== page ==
MMBC causing confusion over plastics

North Cowichan councillors are looking for ways to keep their residents enthusiastic about recycling as the municipality moves through the opening stages of the recently implemented Multi-Material BC program.

Shaun Chadburn, the engineering tech responsible for environmental programs at North Cowichan, made a presentation at the July 2 council meeting, talking about the differences between the new, provincially sanctioned MMBC recycling program and its locally-organized predecessor.

Chadburn explained that while some items like garden pots and trays, hot drink cups with plastic lids, plastic clamshells for salads and baked goods are now acceptable, some items, notably what is called film plastic must not be put in with recycling.

It was the list of acceptable plastics that councillors found most difficult to understand.

Coun. Kate Marsh asked specifically about plastics like the semi-hard bags that pasta comes in and said, "People are frustrated. I myself don’t know what to put in from this [MMBC] list."

She wasn’t the only one who raised concerns.

Coun. John Koury liked the resources available to residents through links on the municipal website but said the outreach needed to be wider than that. Looking at the MMBC material, he said, "I’m not sure if this list is in the hands of our taxpayers beyond what’s available on the Internet. This gives a long description of what plastic is but it’s still difficult to make a decision."

He used Ziploc bags as an example of things that can no longer be recycled, saying lots of things, such as cheese, now come in Ziploc-style bags.

"Maybe 30 per cent of the things I could put at the curb can’t go in any more," he said. "I think this is a cultural shift for us." Koury suggested that homing in on information about plastics could be a good way to connect with the public, saying he agreed with a comment made previously by his colleague Coun. Al Siebring that if people become frustrated at the difficulty of recycling plastics, they are just going to put more of them in the garbage.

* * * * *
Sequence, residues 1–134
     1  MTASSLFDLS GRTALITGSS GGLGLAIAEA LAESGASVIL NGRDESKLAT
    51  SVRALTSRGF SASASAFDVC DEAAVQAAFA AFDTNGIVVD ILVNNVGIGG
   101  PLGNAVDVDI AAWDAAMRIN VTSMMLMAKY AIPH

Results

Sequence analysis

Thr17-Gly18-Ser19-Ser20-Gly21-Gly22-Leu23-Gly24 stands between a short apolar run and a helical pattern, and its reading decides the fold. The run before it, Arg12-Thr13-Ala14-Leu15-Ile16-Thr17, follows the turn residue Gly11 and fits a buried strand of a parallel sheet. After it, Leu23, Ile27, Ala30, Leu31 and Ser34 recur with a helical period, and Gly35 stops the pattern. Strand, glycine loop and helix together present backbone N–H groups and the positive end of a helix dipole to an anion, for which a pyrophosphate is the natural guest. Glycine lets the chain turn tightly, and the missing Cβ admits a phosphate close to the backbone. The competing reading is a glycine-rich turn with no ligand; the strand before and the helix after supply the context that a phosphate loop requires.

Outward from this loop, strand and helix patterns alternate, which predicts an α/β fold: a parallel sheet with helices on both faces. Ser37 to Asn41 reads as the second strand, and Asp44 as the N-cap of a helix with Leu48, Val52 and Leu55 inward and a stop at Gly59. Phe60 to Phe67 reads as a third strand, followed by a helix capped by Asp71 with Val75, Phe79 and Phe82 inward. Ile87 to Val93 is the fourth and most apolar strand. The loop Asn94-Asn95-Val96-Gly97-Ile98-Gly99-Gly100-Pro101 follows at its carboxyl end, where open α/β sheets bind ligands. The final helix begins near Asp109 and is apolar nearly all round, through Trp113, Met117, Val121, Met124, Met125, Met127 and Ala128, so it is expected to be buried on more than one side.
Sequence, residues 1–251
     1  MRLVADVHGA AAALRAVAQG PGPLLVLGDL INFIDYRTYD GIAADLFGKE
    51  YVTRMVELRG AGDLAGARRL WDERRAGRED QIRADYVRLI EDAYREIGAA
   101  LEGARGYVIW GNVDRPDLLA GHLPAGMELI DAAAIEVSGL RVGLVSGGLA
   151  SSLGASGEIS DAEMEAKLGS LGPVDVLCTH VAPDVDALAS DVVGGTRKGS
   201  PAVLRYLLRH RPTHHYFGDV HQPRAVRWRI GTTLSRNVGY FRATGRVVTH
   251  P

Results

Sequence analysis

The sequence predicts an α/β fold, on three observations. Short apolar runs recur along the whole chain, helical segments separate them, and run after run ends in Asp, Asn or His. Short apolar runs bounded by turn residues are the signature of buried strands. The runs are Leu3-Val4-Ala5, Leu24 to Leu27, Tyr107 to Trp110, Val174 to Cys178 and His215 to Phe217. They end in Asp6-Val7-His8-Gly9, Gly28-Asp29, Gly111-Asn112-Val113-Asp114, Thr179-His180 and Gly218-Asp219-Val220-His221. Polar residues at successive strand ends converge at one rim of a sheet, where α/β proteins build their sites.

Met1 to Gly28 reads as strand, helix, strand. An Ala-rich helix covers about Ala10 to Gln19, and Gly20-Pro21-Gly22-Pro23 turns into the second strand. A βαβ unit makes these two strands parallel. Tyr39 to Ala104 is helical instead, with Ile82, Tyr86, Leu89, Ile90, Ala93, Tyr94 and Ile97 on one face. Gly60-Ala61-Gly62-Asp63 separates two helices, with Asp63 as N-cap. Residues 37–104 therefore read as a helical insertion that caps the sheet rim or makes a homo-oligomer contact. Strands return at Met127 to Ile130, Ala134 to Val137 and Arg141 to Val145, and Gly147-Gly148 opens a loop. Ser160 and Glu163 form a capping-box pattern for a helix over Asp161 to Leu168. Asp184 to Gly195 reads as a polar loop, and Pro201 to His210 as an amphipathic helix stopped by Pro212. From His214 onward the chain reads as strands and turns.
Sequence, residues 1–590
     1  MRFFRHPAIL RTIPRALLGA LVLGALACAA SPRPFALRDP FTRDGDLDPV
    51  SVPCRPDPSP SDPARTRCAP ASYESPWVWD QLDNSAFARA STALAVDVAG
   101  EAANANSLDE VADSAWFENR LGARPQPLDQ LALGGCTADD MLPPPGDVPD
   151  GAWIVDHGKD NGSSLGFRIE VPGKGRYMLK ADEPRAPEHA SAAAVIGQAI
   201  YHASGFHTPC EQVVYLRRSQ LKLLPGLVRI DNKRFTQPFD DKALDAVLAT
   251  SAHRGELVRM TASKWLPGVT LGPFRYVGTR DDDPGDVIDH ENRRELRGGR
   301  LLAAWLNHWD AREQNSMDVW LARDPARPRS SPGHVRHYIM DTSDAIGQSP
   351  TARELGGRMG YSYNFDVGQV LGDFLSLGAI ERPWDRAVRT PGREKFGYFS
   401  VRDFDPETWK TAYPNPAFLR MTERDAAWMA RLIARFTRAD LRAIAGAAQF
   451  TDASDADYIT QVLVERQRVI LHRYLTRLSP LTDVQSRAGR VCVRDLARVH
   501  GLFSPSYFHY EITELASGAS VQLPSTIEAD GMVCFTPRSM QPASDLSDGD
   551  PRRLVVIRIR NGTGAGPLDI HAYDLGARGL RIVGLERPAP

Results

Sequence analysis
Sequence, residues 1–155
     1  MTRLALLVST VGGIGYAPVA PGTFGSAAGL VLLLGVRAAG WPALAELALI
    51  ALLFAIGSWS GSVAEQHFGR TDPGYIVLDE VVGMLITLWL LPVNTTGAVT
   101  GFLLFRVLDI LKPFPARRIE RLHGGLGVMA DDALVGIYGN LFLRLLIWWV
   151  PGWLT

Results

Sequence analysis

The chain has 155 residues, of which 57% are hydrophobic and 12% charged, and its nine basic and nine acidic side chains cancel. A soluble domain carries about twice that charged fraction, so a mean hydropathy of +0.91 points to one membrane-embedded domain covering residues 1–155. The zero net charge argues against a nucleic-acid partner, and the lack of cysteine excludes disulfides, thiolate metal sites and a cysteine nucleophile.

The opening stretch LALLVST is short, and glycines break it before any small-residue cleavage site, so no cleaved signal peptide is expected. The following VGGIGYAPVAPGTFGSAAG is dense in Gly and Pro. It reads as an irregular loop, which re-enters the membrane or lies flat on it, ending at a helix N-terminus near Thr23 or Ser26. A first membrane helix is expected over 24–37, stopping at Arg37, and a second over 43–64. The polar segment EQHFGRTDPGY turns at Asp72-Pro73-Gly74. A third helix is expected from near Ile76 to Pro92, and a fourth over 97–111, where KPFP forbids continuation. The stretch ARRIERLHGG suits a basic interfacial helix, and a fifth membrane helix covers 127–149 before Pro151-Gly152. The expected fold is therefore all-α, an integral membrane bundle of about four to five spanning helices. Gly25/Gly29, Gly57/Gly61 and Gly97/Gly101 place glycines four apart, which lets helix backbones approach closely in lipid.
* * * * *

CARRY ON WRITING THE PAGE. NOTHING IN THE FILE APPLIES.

"We need to ramp up our communication on this," Koury said.

Mayor Jon Lefebure said that at his house, his wife, who is an enthusiastic recycler, has been cutting the ziploc part off plastic bags and putting in the rest.

Chadburn said that North Cowichan hadn’t focused on the content of the recycling bags so closely before.

"There could have been a lot of contamination before," he said.

Koury agreed. "What wasn’t a contaminant before is a contaminant now. We need to make it as easy as possible for people."

Coun. Marsh agreed with Koury that it’s important to make sure the public has easy access to information outside of the Internet, but that the municipality should look at other ideas than an expensive general mail out.

District officials suggested that, as a start, a simple list has been included on the back of the popular collection calendar sent to property owners every year.

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